Sunday, February 26, 2012
Eight Million Stories
I walked down Sixth Avenue in the rain on Friday night and watched the Empire State Building disappear into the mist.
It was an eerie, film noir kind of setting and it fit so perfectly with my evening. I had just gotten done viewing the International Center of Photography’s Weegee exhibit, "Murder is My Business" and I was in a B-movie state of mind.
Weegee, the nom de flash for Arthur Felig, was a famous New York press photographer of the 1930s and ‘40s who captured the soul of the city in all its glorious mayhem.
Gangland slayings, four-alarm fires, car wrecks, raucous celebrations, Weegee recorded it all in screaming black and white.
This was my second go-round with Weegee, having gone to an earlier exhibit at the center back in 1997 when I first moved back to New York. But that’s okay; I can never get enough Weegee.
Legend has it that Weegee, a phonetic rendition of Ouija, got his handle because of his uncanny ability to show up at the scene of the madness—sometimes before the cops did.
Walking through the exhibit, I felt like I was traveling through time, back to the era that I consider New York’s golden age.
I know this golden age business is just a fantasy, a rose-colored flashback of a time I never knew, but I still love that period of the city’s history.
Weegee’s world was often violent, a nighttime battle zone where a bartender could be murdered by a group of young thugs; where a gangster’s corpse could be given a grim send-off by being stuffed into a steamer trunk; and where a bread truck driver could be killed by a runaway car and laid out dead on the street surrounded by the staff of life.
It’s the kind of world where you could be alive and well one minute and dead and bleeding in the gutter in the next. This is a scary town, no doubt, filled with mugs and molls, grifters and goons, and liberally splashed with blood, but when seen through Weegee’s lens, it's the only place you want to be.
Survival of the Fittest
Weegee was great at capturing the faces of the crowd as they streamed out of their tenements to bear witness to the carnage. His Speed Graphic could carve the individual lives out of a mob of gawking faces and plant them deep in your memory.
Weegee lived for action and the exhibit includes a recreation of his Spartan apartment, which had little more than a bed, a police radio, and cameras. He had a portable darkroom in the back of his car so he could bring his photos to life as soon as possible.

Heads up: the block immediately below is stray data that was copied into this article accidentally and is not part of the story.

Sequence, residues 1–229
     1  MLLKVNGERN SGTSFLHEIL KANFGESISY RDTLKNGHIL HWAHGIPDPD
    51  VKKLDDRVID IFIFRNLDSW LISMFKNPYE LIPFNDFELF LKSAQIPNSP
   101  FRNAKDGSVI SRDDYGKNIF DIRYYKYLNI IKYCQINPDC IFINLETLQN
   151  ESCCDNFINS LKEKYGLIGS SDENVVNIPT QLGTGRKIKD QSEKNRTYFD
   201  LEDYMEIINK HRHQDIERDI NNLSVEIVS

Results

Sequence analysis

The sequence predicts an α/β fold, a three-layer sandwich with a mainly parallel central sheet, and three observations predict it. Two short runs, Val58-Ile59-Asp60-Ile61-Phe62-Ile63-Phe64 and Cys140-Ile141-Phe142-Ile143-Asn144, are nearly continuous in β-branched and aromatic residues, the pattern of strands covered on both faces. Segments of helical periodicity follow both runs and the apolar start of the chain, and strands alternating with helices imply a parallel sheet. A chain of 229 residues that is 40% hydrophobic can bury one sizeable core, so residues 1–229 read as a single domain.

The setting reminded me of my police reporting days in Pennsylvania, where I pretty much lived the same type of existence. He seemed obsessed with creating an image of himself, on being the man in the know, the guy on the spot. I know that feeling, too. You witness enough of this grief and you start feeling like the news is your personal property. People become props in your story.
In 1945, Weegee put out his first book of photographs called Naked City. The book was the inspiration for the film “The Naked City,” a fantastic police procedural film that plays across fabulous New York locations and reaches its climax with a shootout on the Brooklyn Bridge.
The movie, in turn, inspired a TV series of the same name, which always ended with the sign off “there are eight million stories in the Naked City; this has been one of them.”
Weegee is gone now and newspapers are cutting back and shutting down. Darkrooms harken back to the dark ages and just about everyone carries a camera in their cell phone.
I wonder about the future of the photograph in this age of instant video. Will there be a time when the single image becomes extinct?
Weegee’s world may be violent, but there’s also a sense of survival in his work, a feeling that no matter how terrible things get, the city and its people will always be here.
I took one last look at the vanishing skyscraper and then headed down the subway station to catch the train to Brooklyn. Yes, there are indeed eight million stories in the Naked City and Weegee captured them in a way that nobody else could.